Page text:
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Soil Quality and Organic Farming

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Soil Quality and Organic Farming HORT 390 Fall 2006 Soil is more than nitrogen (N) phosphorus (P) and potassium (K) Nitrogen deficiency symptoms (poor growth, yellow ... – PowerPoint PPT presentation

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Title: Soil Quality and Organic Farming


1
Soil Quality and Organic Farming
  • HORT 390
  • Fall 2006

2
Soil is more than nitrogen (N) phosphorus (P)
and potassium (K)

3
Nitrogen deficiency symptoms(poor growth, yellow
OLDER leaves)

Celery Plant Growth dwarfed foliage pale green
and older leaves yellow and die early.
Carrot Growth dwarfed and thin leaves pale
green and older leaves yellow and red tints and
die off early.
Tomato Growth dwarfed, thin and upright habit
stem and petioles rigid leaves pale green,
occasional purplish tints, older leaves
yellowing.
from The Diagnosis of Mineral Deficiencies in
Plants by Visual Symptoms by Thomas Wallace,
M.C., D.Sc., A.I.C. Published by His Majesty's
Stationary Office 1943
4
Phosphorus deficiency symptoms(poor root growth,
purple color)

Growth stunted leaves lustreless green and dull
purple tints.
Leaves strong purple tints.
Growth dwarfed and thin leaflets droop, curl
backward and develop strong, dull purple tints.
from The Diagnosis of Mineral Deficiencies in
Plants by Visual Symptoms by Thomas Wallace,
M.C., D.Sc., A.I.C. Published by His Majesty's
Stationary Office 1943
5
Potassium deficiency(burning at leaf edges,
dont confuse with insect damage)

Internodes short, leaves relatively long
marginal and tip browning of leaves.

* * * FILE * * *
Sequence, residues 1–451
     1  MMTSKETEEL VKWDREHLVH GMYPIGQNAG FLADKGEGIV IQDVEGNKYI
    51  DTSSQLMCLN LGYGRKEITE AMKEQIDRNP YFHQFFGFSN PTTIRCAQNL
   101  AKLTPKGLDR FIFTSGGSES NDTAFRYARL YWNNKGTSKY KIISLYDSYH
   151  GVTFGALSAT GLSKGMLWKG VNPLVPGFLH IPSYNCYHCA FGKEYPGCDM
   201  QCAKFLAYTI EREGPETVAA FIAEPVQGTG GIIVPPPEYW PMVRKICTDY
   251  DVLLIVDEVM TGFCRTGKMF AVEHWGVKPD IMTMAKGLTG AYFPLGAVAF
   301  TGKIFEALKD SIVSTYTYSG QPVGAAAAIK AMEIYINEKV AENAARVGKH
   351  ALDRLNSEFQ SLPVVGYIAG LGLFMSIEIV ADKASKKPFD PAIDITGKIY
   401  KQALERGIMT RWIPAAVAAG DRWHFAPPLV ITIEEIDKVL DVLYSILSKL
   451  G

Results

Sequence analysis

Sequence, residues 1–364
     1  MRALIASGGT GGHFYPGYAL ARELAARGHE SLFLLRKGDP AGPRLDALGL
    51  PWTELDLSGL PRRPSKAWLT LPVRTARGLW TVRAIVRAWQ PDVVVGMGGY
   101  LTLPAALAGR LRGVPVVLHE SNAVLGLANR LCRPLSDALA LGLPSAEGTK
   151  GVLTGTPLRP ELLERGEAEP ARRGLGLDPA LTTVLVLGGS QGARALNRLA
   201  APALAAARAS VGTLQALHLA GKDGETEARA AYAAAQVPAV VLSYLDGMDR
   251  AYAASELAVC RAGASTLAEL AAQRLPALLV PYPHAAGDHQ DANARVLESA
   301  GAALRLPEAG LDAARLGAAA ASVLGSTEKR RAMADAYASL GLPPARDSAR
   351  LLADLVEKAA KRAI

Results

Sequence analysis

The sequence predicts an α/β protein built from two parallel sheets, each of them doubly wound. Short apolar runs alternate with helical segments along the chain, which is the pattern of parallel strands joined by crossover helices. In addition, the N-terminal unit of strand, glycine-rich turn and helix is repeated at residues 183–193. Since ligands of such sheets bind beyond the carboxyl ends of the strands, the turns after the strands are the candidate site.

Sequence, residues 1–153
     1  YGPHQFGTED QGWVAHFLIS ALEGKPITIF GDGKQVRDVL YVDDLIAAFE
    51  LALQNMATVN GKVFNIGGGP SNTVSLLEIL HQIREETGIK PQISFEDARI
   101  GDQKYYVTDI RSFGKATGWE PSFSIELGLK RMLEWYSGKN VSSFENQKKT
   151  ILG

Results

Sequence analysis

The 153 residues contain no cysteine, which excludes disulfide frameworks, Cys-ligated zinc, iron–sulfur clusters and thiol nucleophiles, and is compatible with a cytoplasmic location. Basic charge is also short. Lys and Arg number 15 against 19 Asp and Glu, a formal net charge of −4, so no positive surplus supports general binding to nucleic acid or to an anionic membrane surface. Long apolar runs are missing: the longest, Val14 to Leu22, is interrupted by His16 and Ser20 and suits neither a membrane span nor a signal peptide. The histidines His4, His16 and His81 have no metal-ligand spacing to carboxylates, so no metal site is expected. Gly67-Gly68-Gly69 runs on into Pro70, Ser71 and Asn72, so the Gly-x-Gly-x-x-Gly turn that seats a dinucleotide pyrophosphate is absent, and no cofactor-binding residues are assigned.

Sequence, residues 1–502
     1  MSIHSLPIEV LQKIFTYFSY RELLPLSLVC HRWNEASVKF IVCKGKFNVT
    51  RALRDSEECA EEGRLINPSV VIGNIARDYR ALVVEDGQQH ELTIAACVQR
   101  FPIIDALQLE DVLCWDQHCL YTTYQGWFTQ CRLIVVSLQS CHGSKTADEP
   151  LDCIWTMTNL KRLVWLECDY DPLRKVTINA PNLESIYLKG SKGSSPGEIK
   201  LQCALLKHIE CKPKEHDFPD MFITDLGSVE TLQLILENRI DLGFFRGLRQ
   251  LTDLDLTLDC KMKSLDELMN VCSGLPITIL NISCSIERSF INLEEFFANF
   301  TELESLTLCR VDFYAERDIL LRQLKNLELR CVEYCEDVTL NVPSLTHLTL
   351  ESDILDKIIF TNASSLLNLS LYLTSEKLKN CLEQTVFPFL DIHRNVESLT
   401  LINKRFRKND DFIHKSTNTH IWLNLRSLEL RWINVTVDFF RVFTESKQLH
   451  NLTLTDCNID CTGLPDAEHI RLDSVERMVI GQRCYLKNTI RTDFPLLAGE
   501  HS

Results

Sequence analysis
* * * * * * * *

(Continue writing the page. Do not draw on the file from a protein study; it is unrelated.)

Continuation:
Leaflets slight marginal and intervenal chlorosis
followed by brown marginal scorching scorched
margins curled foward.
Intervenal chlorosis near margins followed by
marginal scorch.
6

Prairie Soil vs. Ag Soil

N and P in the organic matter pools.
7
Fertility Amendment Options- Nitrogen (N)
  • Organic Sources
  • Cow manure .5-1.5
  • Horse manure 0.6
  • Chicken manure 2-4
  • Sheep 3-4
  • Alfalfa hay 2.5
  • Blood meal 13
  • Soybean meal 7
  • Fish meal 10
  • Vetch 3.1
  • Compost 1-3
  • Fertilizers
  • Ammonium nitrate 33
  • Anhydrous ammonia 82
  • Ammonium sulfate 21
  • Potassium nitrate 13
  • Urea 46

8
Fertility Amendment Options- Phosphorus (P2O5)
  • Organic Sources
  • Cow manure .7-1.6
  • Horse manure .7-1.2
  • Chicken manure 4.5-6.0
  • Sheep 1.2-1.6
  • Alfalfa hay 0.5
  • Blood meal 2
  • Soybean meal 1.2
  • Fish meal 6
  • Vetch 3.1
  • Bone meal 15
  • Compost 0.5-1.5
  • Fertilizers
  • Phosphoric acid 54
  • Superphosphate 20
  • Concentrated superphosphate 46
  • Rock phosphate 30 (but availability very low)
  • Colloidal phosphate 22 (availability low, but
    better than rock)
  • Note Rock and colloidal sources allowed in
    organic production.

9
Fertility Amendment Options- Potassium (K20)
  • Organic Sources
  • Cow manure 2.4-3.6
  • Horse manure 1.2-2.2
  • Chicken manure 1.2-2.4
  • Sheep 3-4
  • Alfalfa hay 2.5
  • Blood meal 1
  • Soybean meal 1.5
  • Vetch 2.5
  • Wood ash 5-7
  • Greensand 5 (low availability)
  • Compost 0.5-2
  • Fertilizers
  • Potassium nitrate 44
  • Potassium chloride 62
  • Potassium sulfate 53 (allowed in organic
    production if mined and not refined)

10
Fertility Amendment Options-Pros and Cons
  • Organic Sources
  • Can be bulky, best if locally available.
  • Sometimes less expensive, sometimes more
    expensive
  • Most contribute to organic matter pool and